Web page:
Soil Physics with HYDRUS: Chapter 3 - PC

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Soil Physics with HYDRUS:
Chapter 4
Equations, Tables, and Figures
4.1 – 4.5
Rn  (1  a)RS  Rsky  Rearth
Rn  S    ET  J H
 c p  ea  ed  / ra 
1    Rn  G 
ET0  


     1  rc / ra     1  rc / ra  

4098 ea
T  237.3
2
1013J kg 1 o C1 P
P


 1629

0.622


cp P
4.6 – 4.9
dT
J H  e
dz
J H ( z, t 
t
)  x  y  t
2
t
J H ( z  z , t  )  x  y  t
2
z
z 

H
(
z

,
t


t
)

H
(
z

, t )   x  y  z

2
2

sH  x  y  z  t
4.10 – 4.13
J H ( z, t 
t
t
)  x  y  t  J H ( z  z , t  )  x  y  t
2
2
z
z 

  H ( z  , t  t )  H ( z  , t )   x  y  z
2
2


 sH  x  y  z  t
t
t
z
z
)
J H ( z  z, t  ) H ( z  , t  t )  H ( z  , t )
2 
2 
2
2
 sH
z
z
t
J H ( z, t 
J H ( z  z, t 
0=
t
t
z
z
)  J H ( z, t  ) H ( z  , t  t )  H ( z  , t )
2
2 
2
2
 sH
z
t
4.14 – 4.18
 JH
 J H ( z  z, t )  J H ( z, t ) 
 lim 

 z z 0 
z

H
 H ( z, t  t )  H ( z, t ) 
 lim 

 t t 0 
t
 H  JH

 sH  0
t
z
H  Cp (T  Tref )
 (T  Tref )
H
T
 Cp
 Cp
t
t
t
4.19 – 4.23
T   T 
Cp

 e
 t  z   z 
T
 2T
Cp
 e
t
 z2
T
 2T
 KT
t
 z2
e
KT 
Cp
T (0, t )  T0
T (, t )  0
4.24 – 4.28
T ( z, 0)  0
 z 
T ( z, t )  T0  erfc 

2 K t 
T 

T (t )  TA  A sin(t   )

2

T (0, t )  TA  A sin(t   )
4.29 – 4.33
T ( z, t )  TA  Ae
d

2 KT

z
d
z

sin  t    
d


KT 

z
t 
d
Ti  Ti 1
T

 z i 1
z
2
T
z
i
1
2
Ti 1  Ti

z
4.34 – 4.35
 2T
 T 

2
 z i  z   z 

T
z

i
 Ti 1  Ti
 z
 2T


 z2 i

1
2
T
z
i
1
2
z
  Ti  Ti 1 
   z 
 

z
Ti 1  2Ti  Ti 1
z 2
4.36 – 4.39
T
t
j
i
1
2
Ti j 1  Ti j

t
Ti j 1  Ti j
Ti 1  2Ti  Ti 1
 KT
t
z 2
Ti j 1  Ti j
Ti j1  2Ti j  Ti j1
 KT
t
z 2
Ti
j 1
t
 2 KT Ti j1  2Ti j  Ti j1  Ti j
z
t
t
t


 2 KT Ti j1  1  2 2 KT  Ti j  2 KT Ti j1
z
z
z




4.40 – 4.44
r
t
z 2
Ti j 1  rKT Ti j1  1 2rKT Ti j  rKT Ti j1
Ti1  rKT Ti 01  1 2rKT Ti 0  rKTTi 01
T11  rKT T20  1 2rKT T10  rKT T00
Ti 2  rKT Ti11  1 2rKT Ti1  rKTTi11
4.45 – 4.48
Ti j 1  0.001Ti j1  1  0.002  Ti j  0.001Ti j1
1
998 j
1
j

Ti 1 
Ti 
Ti j1
1000
1000
1000
Ti j 1  0.563  Ti j1  1  1.126   Ti j  0.563  Ti j1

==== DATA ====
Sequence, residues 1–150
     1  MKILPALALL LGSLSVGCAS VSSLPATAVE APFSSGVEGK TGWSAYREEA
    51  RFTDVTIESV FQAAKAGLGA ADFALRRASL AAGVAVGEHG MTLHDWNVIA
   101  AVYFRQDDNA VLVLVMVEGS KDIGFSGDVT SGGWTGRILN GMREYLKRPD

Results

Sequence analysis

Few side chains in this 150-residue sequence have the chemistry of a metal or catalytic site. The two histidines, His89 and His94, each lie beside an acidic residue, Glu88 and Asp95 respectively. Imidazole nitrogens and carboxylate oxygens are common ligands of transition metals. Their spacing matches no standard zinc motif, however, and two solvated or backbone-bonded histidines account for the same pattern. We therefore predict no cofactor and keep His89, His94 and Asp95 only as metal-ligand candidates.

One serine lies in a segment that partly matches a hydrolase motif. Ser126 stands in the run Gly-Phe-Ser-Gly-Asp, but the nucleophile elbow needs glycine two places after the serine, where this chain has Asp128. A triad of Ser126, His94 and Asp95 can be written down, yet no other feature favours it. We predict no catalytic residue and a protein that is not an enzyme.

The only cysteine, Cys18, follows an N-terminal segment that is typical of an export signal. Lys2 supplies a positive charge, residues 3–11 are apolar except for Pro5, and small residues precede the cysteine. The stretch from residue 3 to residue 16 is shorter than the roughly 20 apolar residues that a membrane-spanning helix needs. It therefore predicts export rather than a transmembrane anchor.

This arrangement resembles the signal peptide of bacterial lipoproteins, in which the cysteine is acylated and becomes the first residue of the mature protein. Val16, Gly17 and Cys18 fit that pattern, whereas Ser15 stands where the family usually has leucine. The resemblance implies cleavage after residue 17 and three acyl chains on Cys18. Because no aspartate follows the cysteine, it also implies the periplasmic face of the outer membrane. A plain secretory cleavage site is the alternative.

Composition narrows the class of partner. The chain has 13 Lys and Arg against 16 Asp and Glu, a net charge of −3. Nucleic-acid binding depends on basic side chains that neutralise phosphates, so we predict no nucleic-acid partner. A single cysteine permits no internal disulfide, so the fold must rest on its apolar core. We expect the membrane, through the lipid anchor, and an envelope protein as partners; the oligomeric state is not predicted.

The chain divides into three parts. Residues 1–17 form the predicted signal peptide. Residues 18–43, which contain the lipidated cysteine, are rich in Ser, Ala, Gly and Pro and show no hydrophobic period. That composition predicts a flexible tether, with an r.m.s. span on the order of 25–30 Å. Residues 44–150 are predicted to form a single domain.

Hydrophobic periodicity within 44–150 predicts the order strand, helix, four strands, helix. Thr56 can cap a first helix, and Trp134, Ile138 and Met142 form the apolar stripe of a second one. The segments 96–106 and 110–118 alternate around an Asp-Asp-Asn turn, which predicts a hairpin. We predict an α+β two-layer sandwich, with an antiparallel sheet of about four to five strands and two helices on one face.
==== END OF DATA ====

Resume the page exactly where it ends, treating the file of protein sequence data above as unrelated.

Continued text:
563
126
563
j
j

 Ti 1 
 Ti 
 Ti j1
1000
1000
1000
Ti j 1  Ti j
Ti j11  2Ti j 1  Ti j11
 KT
t
z 2
rKT Ti j11  2rKT Ti j 1  rKT Ti j11  Ti j 1  Ti j
rKT Ti j11  1  2rKT  Ti j 1  rKT Ti j11  Ti j
4.49 – 4.51
aTi j11  bTi j 1  cTi j11  Ti j
a  c  rKT
b  1  2rKT
1
a

0

0
0 0 0  T0 j 1  T0 j 
 j 1   j 

b c 0  T1  T1 
 j 1  j
a b c  T2  T2 
  j 1   j 
0 0 1  T3  T3 
4.52 – 4.55
T0 j 1  T0 j
aT0 j 1  bT1 j 1  cT2j 1  T1 j
aT1 j 1  bT2j 1  cT3 j 1  T2j
T3 j 1  T3 j
 A  T 
 A
1
j 1
 T 
j
 [ A]  {T } j 1  [ A]1{T } j
{T } j 1  [ A]1{T } j
4.56 – 4.60
T  
T 
T
C p ( ) 

  ( ) 
  Cw J w
t  z 
z
z
Cp ( )  Cs (1   )  Coo  Cw  Ca a
( )  e ( )  t Cw J w
e ( )  b1  b2  b3 
T ( z, t )  T0 (t )
at z  0 or z  L
4.61 – 4.62
T

 TCw J w  T0 (t )Cw J w
z
z
at z  0 or z  L
 2 t 7 
T0  T  A sin 


 pt 12 
TABLE 4.1
Laplace transforms (Jury and Roth, 1990).
f(z,t)
L[ f(z,t)]
Transform #
δ(t)
1
tN
exp(-at)
sin(at)/a
cos(at)
Az/(2t)
A
1
1/s
N!/sN+1
1/(s+a)
1/(s2+a2)
s/(s2+a2)
exp(-zs1/2)
[exp(-zs1/2)]/s1/2
1*
2
3**
4
5
6
7
8
B
[exp(-zs1/2)]/s
9
2tA-zB
[exp(-zs1/2)]/(s3/2)
10
(C+D)/2
[exp(-zs1/2)]/(s-a2)
11
(C-D)/(2a)
[exp(-zs1/2)]/[s1/2(s-a2)]
12
A-aD
[exp(-zs1/2)]/(s1/2+a)
13
D
[exp(-zs1/2)]/[s1/2(s1/2+a)]
14
Figure 4.1 Typical partitioning of the extraterrestrial radiation as it passes through the atmosphere
(Jury and Horton, 2004)
Figure 4.2 Typical partitioning of the global solar radiation as it reaches the land surface: (a)
contributions to the net radiation; (b) net radiation partitioned into its components (Jury and
Horton, 2004).
Figure 4.3 Components of the surface energy balance during daytime (left) and nighttime (right)
(Jury and Horton, 2004).
Figure 4.4 Effective soil thermal conductivity (a) and diffusivity (b) as a function of water content for